Taipei, Sept. 12 (CNA) Around 50 foreign workers from Southeast Asia and activists protested in front of the Taipei Railway Station on Sunday, demanding the right to gather in public places after a controversial move by the station to close parts of its lobby.
Protesters held placards reading "anti-racism" and shouted "If Hong Kong can, why can't Taiwan?" in front of the station.
They then walked into the station and sat down on the main lobby floor, holding yellow ribbons in their hands to symbolize their call for acceptance.
"Why can't we meet here? We have not done anything wrong. If we can't meet here, where should we go?" an Indonesian woman named Niken, told CNA.
Niken, 26, who has worked as a domestic caregiver in Taiwan for four years, said foreign workers like her do not have enough time and money to go to movies, KTVs or shopping centers like other Taiwanese.
"We may have two hours of rest before we go back to work again," she said, noting that the Taipei Railway Station is a convenient spot for her to meet up briefly with her friends.
The Taipei Railway Station recently closed off a large part of its main lobby with retractable belts, after receiving complaints that a large crowd of Indonesian workers who gathered at the station after the Islamic holiday of Eid al-Fitr (Festival of Fast-Breaking) last month blocked walkways.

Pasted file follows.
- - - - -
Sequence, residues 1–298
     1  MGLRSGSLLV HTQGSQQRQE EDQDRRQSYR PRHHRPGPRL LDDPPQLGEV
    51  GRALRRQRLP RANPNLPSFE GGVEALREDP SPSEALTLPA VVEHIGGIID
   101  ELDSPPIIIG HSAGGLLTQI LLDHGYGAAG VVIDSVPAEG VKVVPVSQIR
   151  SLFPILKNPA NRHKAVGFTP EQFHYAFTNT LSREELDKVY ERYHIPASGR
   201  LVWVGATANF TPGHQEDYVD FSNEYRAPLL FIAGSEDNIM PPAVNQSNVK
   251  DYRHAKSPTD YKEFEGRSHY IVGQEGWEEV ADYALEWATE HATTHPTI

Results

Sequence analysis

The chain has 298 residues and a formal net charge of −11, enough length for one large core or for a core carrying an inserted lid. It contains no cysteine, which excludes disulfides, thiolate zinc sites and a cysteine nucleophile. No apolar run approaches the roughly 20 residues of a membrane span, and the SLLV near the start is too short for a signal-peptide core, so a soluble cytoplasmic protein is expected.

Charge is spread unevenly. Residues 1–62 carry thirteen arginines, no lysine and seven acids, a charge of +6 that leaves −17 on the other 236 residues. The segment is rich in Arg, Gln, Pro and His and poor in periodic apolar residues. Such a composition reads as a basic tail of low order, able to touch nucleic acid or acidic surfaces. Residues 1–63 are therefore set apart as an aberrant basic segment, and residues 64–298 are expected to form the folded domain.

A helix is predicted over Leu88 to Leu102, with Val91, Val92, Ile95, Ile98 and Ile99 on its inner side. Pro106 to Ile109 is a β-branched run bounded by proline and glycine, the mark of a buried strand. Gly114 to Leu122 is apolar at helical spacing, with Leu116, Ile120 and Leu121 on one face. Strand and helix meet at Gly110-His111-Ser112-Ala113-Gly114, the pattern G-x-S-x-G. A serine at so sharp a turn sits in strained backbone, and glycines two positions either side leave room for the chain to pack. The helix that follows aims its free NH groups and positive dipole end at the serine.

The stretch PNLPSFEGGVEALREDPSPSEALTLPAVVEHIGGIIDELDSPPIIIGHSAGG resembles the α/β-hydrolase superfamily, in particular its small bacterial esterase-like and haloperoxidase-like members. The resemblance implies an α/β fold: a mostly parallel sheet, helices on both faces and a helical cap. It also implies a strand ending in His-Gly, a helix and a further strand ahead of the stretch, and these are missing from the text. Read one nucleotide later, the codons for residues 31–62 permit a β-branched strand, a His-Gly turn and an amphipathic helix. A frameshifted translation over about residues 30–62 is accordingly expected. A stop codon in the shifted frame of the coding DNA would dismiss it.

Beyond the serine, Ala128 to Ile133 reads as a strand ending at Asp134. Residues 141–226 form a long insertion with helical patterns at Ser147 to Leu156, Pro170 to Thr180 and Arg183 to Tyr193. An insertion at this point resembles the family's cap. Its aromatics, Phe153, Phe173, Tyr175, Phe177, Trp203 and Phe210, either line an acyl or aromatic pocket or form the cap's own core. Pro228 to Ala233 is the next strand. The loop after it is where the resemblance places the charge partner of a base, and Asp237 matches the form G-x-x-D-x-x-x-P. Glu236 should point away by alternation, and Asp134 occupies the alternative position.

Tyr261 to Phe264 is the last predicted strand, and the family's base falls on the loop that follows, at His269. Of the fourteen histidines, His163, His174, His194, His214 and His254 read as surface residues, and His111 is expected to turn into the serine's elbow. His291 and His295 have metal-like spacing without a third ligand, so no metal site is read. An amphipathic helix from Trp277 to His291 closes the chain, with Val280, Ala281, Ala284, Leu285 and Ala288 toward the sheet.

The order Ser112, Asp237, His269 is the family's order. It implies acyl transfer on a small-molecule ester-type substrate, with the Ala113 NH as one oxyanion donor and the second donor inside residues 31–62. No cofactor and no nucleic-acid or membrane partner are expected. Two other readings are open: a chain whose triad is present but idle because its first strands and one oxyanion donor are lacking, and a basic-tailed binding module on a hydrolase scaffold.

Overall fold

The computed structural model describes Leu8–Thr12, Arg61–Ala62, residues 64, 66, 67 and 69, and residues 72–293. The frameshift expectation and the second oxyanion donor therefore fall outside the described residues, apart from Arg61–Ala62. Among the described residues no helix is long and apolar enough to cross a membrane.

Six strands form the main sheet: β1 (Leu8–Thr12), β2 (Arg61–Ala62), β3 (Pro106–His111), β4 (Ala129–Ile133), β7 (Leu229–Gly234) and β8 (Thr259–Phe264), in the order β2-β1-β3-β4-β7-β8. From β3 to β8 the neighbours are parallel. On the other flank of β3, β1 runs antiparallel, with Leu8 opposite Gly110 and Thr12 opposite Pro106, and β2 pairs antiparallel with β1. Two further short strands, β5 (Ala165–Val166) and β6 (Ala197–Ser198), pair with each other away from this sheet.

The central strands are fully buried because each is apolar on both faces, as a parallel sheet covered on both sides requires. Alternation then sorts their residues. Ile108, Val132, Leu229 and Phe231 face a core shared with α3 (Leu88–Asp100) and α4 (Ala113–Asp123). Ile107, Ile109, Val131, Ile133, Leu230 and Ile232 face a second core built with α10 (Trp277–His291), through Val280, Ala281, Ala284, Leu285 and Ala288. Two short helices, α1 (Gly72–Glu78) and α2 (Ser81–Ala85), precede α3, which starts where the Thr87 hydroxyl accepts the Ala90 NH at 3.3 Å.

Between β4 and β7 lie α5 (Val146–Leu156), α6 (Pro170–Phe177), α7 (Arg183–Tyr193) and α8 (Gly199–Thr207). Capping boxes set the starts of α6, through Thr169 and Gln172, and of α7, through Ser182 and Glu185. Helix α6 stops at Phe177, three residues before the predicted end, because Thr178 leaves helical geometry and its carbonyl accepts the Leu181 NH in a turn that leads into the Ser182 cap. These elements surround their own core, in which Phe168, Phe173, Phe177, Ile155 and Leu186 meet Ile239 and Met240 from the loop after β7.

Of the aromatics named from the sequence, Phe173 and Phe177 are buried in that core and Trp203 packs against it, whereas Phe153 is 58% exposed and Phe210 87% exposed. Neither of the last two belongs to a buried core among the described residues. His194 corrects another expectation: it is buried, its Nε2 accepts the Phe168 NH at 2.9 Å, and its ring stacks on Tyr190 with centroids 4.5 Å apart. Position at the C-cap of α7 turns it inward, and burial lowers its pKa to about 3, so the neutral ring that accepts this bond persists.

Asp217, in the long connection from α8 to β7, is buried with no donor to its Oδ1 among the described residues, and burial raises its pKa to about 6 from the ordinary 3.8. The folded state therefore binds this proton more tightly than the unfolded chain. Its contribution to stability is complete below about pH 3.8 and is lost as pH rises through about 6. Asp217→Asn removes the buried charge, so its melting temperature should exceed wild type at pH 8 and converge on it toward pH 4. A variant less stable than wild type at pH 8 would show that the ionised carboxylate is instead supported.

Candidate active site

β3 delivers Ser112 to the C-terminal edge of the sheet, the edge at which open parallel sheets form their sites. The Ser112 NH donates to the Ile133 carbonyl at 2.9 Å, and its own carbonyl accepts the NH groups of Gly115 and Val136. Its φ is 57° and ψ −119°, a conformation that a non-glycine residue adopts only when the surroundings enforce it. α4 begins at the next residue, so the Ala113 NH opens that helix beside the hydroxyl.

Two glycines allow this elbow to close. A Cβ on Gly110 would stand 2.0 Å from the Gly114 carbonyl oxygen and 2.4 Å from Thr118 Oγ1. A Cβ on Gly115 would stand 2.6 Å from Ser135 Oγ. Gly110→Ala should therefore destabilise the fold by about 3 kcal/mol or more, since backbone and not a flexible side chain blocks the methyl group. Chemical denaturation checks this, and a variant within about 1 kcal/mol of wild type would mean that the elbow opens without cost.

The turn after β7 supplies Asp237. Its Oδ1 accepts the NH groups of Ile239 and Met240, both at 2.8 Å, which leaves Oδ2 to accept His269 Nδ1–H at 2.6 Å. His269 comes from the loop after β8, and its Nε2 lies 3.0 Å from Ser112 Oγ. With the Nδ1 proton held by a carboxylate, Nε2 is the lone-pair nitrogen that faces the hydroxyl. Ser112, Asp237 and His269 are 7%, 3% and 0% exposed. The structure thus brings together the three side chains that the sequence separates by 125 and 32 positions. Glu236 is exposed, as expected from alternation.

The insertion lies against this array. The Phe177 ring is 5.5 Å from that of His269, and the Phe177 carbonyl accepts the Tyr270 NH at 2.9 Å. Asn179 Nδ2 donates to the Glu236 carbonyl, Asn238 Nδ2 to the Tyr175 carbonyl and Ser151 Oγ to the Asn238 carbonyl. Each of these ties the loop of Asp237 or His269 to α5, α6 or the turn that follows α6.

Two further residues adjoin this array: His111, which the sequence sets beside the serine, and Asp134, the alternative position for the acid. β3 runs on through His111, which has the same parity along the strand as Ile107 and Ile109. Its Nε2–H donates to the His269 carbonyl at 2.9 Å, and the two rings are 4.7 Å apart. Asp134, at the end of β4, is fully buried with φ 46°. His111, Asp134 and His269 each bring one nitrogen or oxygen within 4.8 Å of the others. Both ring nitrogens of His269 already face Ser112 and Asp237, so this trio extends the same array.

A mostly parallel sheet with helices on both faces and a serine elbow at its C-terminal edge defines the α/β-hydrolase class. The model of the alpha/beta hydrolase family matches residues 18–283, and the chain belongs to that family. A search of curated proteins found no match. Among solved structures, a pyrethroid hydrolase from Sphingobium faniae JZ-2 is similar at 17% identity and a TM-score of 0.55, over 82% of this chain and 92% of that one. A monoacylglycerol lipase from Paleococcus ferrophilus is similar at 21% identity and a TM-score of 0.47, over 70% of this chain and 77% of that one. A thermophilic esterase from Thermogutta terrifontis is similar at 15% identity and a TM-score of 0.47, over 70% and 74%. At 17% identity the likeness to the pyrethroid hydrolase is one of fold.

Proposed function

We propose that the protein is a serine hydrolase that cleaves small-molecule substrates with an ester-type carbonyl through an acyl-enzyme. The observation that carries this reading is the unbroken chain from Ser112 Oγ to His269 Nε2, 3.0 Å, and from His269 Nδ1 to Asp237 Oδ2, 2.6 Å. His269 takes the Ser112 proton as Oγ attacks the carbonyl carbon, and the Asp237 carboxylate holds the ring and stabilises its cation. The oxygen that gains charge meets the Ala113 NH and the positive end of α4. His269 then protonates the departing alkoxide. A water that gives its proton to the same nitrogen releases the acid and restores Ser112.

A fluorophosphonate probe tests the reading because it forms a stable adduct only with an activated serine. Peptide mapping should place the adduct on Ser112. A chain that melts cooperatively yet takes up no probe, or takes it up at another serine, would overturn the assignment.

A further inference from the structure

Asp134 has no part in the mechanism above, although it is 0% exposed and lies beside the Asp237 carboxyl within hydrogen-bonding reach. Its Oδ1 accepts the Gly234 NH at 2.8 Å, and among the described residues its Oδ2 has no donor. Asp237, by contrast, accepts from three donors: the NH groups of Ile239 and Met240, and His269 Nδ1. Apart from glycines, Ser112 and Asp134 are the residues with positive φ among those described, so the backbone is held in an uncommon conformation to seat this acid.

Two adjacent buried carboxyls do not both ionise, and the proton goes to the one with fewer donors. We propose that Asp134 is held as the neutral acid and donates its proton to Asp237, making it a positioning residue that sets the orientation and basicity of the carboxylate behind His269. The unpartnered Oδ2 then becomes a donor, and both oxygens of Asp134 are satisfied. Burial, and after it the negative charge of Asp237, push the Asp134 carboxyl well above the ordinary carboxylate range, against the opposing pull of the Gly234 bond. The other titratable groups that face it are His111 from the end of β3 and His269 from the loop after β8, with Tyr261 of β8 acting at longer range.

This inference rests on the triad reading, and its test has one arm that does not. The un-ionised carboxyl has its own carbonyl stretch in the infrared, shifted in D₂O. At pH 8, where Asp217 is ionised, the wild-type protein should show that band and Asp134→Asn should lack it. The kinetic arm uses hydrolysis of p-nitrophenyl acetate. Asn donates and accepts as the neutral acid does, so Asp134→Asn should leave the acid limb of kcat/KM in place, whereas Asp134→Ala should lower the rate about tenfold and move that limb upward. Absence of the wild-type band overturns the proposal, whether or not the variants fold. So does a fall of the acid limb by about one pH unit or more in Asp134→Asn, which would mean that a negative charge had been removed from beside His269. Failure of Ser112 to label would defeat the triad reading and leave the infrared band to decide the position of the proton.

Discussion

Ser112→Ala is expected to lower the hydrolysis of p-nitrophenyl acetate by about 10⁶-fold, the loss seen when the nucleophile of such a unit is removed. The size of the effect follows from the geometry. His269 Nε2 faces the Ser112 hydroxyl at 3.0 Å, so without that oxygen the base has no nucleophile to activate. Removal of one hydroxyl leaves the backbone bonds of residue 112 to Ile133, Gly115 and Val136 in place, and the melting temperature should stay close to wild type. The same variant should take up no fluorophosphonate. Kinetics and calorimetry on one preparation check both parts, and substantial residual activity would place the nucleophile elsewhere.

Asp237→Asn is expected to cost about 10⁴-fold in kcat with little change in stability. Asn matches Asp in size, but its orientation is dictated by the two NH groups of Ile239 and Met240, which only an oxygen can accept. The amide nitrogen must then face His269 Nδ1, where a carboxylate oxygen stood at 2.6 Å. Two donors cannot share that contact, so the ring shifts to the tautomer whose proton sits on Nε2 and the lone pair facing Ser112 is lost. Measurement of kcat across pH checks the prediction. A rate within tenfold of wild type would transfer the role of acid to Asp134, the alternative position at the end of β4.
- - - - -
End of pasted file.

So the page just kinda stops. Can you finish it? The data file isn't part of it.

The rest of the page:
The station had said it would implement the measure on Fridays, Saturdays and Sundays until it came up with a long-term plan to deal with the situation.
The train station removed the retractable belts on Sunday and a train station official met the protesters afterward to explain that the policy was not targeting foreign workers.
Wu Yong-yi, a policy research director at the Taiwan International Worker's Association, criticized the station's move, however, as indeed targeting foreign workers, who often gather on weekends at the station.
He called on Taiwan to follow Hong Kong, which he said not only allows foreign workers to gather in public places such as Victoria Park and Statue Square, but even provides garbage clean-up and other services for the workers.
The government has allowed 400,000 foreign workers to enter Taiwan and has a responsibility to provide a convenient place for them to go when they have time off, Wu contended.
Chen Hsiu-lien, secretary-general of the association, said many Taiwanese take it for granted that foreign workers do not need a day off and are therefore oblivious to their need for recreational space.
Chen urged the government to find a solution to the problem.
Taiwan has around 440,000 foreign workers, with most coming from Indonesia, the Philippines, Thailand and Vietnam.
(By Christie Chen)